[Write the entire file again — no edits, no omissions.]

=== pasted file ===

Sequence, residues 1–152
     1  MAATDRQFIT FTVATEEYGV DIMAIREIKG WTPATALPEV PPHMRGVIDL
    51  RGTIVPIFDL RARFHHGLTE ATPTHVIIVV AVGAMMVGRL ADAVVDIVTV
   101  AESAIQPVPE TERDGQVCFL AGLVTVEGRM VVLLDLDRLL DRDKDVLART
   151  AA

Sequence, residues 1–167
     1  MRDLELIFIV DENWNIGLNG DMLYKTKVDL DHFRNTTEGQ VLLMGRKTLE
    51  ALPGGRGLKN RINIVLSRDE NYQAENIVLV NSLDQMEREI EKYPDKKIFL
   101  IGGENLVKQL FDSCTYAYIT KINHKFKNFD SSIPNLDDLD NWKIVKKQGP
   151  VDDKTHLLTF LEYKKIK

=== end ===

Sequence, residues 1–152
     1  MAATDRQFIT FTVATEEYGV DIMAIREIKG WTPATALPEV PPHMRGVIDL
    51  RGTIVPIFDL RARFHHGLTE ATPTHVIIVV AVGAMMVGRL ADAVVDIVTV
   101  AESAIQPVPE TERDGQVCFL AGLVTVEGRM VVLLDLDRLL DRDKDVLART
   151  AA

Sequence, residues 1–167
     1  MRDLELIFIV DENWNIGLNG DMLYKTKVDL DHFRNTTEGQ VLLMGRKTLE
    51  ALPGGRGLKN RINIVLSRDE NYQAENIVLV NSLDQMEREI EKYPDKKIFL
   101  IGGENLVKQL FDSCTYAYIT KINHKFKNFD SSIPNLDDLD NWKIVKKQGP
   151  VDDKTHLLTF LEYKKIK